At ³first, one’s efforts and attention are focused on the kõan. When it cannot be solved (one soon learns that there is no simple “right answer”), doubt sets in. Ordinary
doubt is directed at some external object such as the kõan itself or the teacher, but when it has been directed back to oneself, it is transformed into Great Doubt. To
carry on relentlessly this act of self-doubt, one needs the Great Root of Faith. Ordinarily, faith and doubt are related to one another in inverse proportion: where faith
is strong, doubt is weak; and vice versa. But in Zen practice, the greater the doubt, the greater the faith. Great Faith and Great Doubt are two aspects of the same mind of
awakening (bodaishin ¬Ø). The Great Overpowering Will is needed to surmount all obstacles along the way. Since doubt is focused on oneself, no matter how strong, wily, and resourceful one is in facing the opponent, that opponent (oneself) is always just as strong, wily, and resourceful in resisting. When self-doubt has grown to the
point that one is totally consumed by it, the usual operations of mind cease. The mind of total self-doubt no longer classi³es intellectually, no longer arises in anger or
sorrow, no longer exerts itself as will and ego. This is the state that Hakuin described as akin to being frozen in a great crystal: Suddenly a great doubt manifested itself before me. It was as though I were frozen solid in the midst of an ice sheet extending tens of thousands of miles. A purity filled my breast and I could neither go forward nor retreat. To all intents and purposes I was out of my mind and the Mu alone remained. Although I sat in the Lecture Hall and listened to the Master’s lecture, it was as though I were hearing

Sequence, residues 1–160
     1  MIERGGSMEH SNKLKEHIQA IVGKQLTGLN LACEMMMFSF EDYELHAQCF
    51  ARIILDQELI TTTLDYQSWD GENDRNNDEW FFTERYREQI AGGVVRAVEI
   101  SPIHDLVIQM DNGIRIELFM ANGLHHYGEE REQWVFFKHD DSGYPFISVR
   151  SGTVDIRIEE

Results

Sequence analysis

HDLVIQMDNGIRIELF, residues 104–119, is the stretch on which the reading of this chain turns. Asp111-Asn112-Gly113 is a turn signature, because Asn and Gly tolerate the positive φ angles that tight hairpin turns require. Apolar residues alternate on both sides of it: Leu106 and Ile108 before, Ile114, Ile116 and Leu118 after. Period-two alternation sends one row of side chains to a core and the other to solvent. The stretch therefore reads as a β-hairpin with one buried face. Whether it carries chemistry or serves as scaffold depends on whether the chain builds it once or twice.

from a distance outside the hall. At times, I felt as though I were μoating through the air. (Orategama iii, Yampolsky 1971, 118)
In this state, Hakuin happened one day to hear the temple bell ring. At that moment the ice shattered and he was thrust back into the world. In this experience, called the
Great Death (daishi ichiban Ø‘sŸ), the self in self-doubt is ³nally extinguished and the Great Doubt is transformed into Great Awakening. As Ta-hui says, “Beneath
the Great Doubt, always there is a Great Awakening Ø”î4×ÀØ;.”5 Kenshõ, the experience of awakening, is more than merely the state of concentrated
sam„dhi. When the Great Doubt has totally taken over the self, there is no more distinction between self and other, subject and object. There is no more differentiation,
no more attachment. This is merely sam„dhi and not kenshõ. Kenshõ is not the self’s withdrawal from the conventional world, but rather the selμess self breaking back
into the conventional world. It is only when this sam„dhi has been shattered that a new self arises. This self returns and again sees the things of the world as objects, but
now as empty objects; it again thinks in differentiated categories and feels attachment, but now with insight into their emptiness.
Again, I am speaking in normative terms. The particular aspects of Zen kõan practice on which scholars have concentrated their attentions—its nondual epistemology,
its ritual and performance, its language, its politics—are aspects. They are facets of a practice whose fundamental core is a religious practice.